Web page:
Fresh from the oven, cooling on racks

Thanksgiving Weekend in Canada.  The temperature was 25 degrees C., and the sun was shining.

Notes to Myself
  • Leave yourself enough time to let the dough perform a second rise before dividing it.  The dough might rise nicer if you follow the recipe methodology.
  • Get an Iron Pot in which to boil these beans, so you get more iron in your diet!
  • Try using slightly less hydration, next time.  Use more than 3 cups : 1 cup beans in the initial boiling, so you have more beanwater for the recipe, but use slightly less than 2 cups in the recipe.  Oh, wait: I just realized that I used 475 g of hydration, not 475 ml.  So now I have to figure out the hydration that I used in the recipe, and next time, cut back on it a bit.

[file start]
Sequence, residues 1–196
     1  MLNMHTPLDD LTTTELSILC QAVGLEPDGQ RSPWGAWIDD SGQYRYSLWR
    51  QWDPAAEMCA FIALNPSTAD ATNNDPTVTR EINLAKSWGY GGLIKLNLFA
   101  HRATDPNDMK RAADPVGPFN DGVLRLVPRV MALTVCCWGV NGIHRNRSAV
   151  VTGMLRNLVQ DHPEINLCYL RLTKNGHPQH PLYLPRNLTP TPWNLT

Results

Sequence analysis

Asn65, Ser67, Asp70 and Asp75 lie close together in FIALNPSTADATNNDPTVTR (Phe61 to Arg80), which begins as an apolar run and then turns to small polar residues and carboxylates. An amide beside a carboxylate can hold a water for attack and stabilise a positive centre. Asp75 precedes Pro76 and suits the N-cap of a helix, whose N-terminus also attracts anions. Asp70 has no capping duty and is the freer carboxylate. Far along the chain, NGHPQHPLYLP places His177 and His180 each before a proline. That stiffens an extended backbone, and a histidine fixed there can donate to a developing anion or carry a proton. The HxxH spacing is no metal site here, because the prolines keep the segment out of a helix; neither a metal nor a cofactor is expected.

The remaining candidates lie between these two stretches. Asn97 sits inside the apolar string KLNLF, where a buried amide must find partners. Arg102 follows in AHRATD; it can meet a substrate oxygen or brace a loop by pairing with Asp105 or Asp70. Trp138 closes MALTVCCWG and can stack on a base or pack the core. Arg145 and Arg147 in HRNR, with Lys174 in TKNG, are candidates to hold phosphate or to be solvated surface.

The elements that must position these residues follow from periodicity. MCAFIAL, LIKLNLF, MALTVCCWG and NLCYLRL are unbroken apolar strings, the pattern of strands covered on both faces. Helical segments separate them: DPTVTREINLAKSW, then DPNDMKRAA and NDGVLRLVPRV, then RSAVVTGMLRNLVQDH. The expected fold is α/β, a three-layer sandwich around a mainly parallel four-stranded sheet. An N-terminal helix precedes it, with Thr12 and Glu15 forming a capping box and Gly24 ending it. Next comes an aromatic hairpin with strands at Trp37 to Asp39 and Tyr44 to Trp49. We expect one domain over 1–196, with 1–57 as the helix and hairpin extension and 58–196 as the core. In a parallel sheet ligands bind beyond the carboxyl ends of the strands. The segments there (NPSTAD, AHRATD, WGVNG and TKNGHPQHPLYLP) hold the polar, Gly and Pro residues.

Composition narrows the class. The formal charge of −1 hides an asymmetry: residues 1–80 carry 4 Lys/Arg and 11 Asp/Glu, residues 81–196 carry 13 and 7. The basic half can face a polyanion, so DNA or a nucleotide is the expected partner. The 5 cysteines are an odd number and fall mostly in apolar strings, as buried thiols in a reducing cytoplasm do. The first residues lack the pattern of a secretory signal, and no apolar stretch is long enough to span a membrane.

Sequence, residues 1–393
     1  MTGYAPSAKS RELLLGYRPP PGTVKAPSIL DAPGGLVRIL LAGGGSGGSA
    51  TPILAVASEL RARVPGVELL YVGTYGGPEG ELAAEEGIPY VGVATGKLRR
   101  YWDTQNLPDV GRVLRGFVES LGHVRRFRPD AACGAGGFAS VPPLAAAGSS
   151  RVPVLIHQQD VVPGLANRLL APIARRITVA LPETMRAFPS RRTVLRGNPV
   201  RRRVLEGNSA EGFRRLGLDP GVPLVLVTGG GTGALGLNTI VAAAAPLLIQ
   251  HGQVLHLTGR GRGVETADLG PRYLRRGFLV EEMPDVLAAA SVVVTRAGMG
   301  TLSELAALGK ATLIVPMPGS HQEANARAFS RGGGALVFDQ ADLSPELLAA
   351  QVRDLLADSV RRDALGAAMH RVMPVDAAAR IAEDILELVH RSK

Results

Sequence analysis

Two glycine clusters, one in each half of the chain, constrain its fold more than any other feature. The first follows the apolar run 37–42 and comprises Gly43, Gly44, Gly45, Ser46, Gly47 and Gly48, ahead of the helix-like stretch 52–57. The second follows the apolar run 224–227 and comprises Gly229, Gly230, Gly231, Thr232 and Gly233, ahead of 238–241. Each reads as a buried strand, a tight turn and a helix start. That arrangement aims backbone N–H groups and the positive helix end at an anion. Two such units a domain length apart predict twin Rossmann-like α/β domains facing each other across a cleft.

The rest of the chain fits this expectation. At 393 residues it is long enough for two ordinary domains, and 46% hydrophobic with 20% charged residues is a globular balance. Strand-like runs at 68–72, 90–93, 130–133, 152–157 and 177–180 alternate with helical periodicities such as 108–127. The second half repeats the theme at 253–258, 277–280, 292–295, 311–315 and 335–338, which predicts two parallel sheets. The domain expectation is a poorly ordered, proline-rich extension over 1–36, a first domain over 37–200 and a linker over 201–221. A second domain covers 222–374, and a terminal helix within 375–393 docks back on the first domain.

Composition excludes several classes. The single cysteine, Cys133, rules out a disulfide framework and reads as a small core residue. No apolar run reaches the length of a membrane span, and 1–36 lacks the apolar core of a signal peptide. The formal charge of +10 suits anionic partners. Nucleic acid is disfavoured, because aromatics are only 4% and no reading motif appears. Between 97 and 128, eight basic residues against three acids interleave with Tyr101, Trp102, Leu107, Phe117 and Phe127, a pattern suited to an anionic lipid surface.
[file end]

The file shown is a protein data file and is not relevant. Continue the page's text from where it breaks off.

• Although I didn't measure the weight of the fully boiled beans (which surely took on some water and weighed more?), here is the baker's formula for the recipe based on my experience (your mileage may vary):

    Ingredient weight % Next time try
    Flour 750 100% 100%
    ID Yeast 14 1.87% 1.87%
    Beans 200 (raw) 26.7% 26.7%
    Hydration (Bean water) 475 63.3% 60% or 450g
    Water for Yeast 60 8% 8%
    Salt 16.5 2% 2%
    Molasses 60 8% 8%
    Oil 30 4% 4%
    Raisins & Currants 145 19.3% 19.3%

    If you add up the water percentages, you see that this dough is at 71.3% hydration.  I would suggest backing this off to 68% for a free-standing loaf next time.  Keep the yeast water at 8%, and reduce the bean water slightly - to 60% or 450g.

1 comment:

  1. Hi.

    1) I don't understand why Laurel offers to take so much yeast. In garbanzo bread (page 159), she takes a half.

    2) "When my beans were done I had almost exactly 2 1/4 cups liquid left."